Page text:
Review: Scorsese's 'Silence' is a gorgeous, tedious journey

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Posted: Dec 20, 2016 5:15 PM
Review: Scorsese's 'Silence' is a gorgeous, tedious journey

Martin Scorsese's "Silence " is not an easy film to watch. At times it's grotesquely violent, at others tediously slow. But it is a full and worthy cinematic experience that is bold, thought provoking and utterly singular. That it's also a nearly three-decade effort from one of our living greats is just an interesting factoid in the end — plus, we've been here before a few times over with Scorsese's passion projects.

Scorsese and screenwriter Jay Cocks ("The Age of Innocence") adapted "Silence" from Shusaku Endo's 1966 novel of the same name. Set in the 17th century, the film follows two Portuguese Jesuit priests, Father Rodrigues (Andrew Garfield) and Father Garrpe (Adam Driver) who journey to Japan to try to find their fellow missionary, Father Ferreira (Liam Neeson), who has been rumored to have renounced his faith.

It's an acutely dangerous mission, which Father Valignano (Ciaran Hinds) tries to dissuade Rodrigues and Garrpe from pursing. In the years after the Shimabara Rebellion, Christianity in Japan was practiced only in secret — iconography and texts were confiscated and the known and even suspected devout were tortured and killed. But, driven by faith and duty Rodrigues and Garrpe might as well not have a choice in the matter at all. They can't even fathom not going, though, and thus they do.

The two men have to sneak into the country with the help of a semi-trustworthy scoundrel who is still reeling from his own crisis of faith. Japan (really, Taiwan where they shot) even looks uninviting. Shot by Rodrigo Prieto with production design from Dante Ferretti, the gray skies seem ready to close in on the mountains and subdued landscapes, and below, the dark sea thrashes violently against the shore.

When they arrive, their series of trials begin. They preach to local villagers desperate for an organized religion they've been forbidden from, they give away every cross and rosary they have and wonder whether the impoverished townspeople cherish the objects more than the meaning behind them, and they watch as authorities come through and ravage the towns looking for Christians to test.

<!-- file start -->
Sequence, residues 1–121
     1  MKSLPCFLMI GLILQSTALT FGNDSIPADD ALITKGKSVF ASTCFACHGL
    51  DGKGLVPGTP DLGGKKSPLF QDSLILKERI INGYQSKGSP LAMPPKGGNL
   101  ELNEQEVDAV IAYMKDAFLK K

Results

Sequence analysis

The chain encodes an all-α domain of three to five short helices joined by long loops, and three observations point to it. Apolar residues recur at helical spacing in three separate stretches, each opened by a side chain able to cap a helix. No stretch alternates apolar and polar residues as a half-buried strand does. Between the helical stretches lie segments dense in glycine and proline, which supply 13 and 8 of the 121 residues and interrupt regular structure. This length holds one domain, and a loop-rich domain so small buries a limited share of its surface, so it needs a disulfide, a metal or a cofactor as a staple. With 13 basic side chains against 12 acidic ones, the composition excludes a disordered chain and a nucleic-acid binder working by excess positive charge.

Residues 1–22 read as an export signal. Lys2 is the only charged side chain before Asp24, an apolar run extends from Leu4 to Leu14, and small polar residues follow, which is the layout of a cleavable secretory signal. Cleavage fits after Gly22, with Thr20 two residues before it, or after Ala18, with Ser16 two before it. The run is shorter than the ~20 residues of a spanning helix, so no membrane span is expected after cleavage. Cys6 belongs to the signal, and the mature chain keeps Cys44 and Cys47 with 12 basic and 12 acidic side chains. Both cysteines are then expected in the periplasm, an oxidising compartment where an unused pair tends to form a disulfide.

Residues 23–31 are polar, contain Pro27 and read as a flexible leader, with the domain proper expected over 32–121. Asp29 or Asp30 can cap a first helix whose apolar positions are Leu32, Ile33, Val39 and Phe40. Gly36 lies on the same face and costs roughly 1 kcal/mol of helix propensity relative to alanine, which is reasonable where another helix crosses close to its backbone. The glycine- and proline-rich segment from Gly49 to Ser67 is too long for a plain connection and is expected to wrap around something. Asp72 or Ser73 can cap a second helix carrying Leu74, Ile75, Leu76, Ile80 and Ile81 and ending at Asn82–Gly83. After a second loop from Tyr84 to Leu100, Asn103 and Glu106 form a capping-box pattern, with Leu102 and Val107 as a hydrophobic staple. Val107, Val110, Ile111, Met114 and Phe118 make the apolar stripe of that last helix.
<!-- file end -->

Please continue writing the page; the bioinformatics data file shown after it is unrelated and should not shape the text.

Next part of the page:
Rodrigues and Garrpe separate for their safety and we continue to follow Rodrigues through the Japanese countryside as he encounters more dire displays of Japan's utter and complete intolerance for Christianity. In one of the more powerful sequences, three older men are hung from crosses positioned deep in the ocean's waters — the thrashing waves killing them slowly for their refusal to apostatize. An increasingly haunted Rodrigues looks on from a hiding spot.

Garfield carries the film and Rodrigues' agony on his slight shoulders — his second film about faith in a single season, following Mel Gibson's "Hacksaw Ridge." But it is Japanese actor Issey Ogata who steals the show as an older samurai who not only tells Rodrigues what's what but provides some of the funniest and disturbing moments in the film. It's a tonal departure, but a welcome one in what can be a bit of a slog.

It's a much more traditional and subdued film than the knowingly provocative "The Last Temptation of Christ." There's no Peter Gabriel guitar and nothing that is likely to enrage or inspire protests. But it does pick at doubt in a spiritually similar way. Rodrigues knows what his faith requires, and yet it continues to be tested and challenged by the physical and political realities of where he's inserted himself. Do the peasants, so grateful for his teachings, actually believe? Or are they looking for a way to the afterlife? What good, he's forced to wonder, is he actually doing there? "Silence" is as much about colonialism and intolerance as it is faith and conviction. While I'm still not sure what Scorsese wants the audience to think by the time the screen goes to black, the questions raised nonetheless feel modern and resonant.

"Silence," a Paramount Pictures release, is rated R by the Motion Picture Association of America for "some disturbing violent content." Running time: 161 minutes. Three stars out of four.

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MPAA Definition of R: Restricted. Under 17 requires accompanying parent or adult guardian.

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Follow AP Film Writer Lindsey Bahr on Twitter: www.twitter.com/ldbahr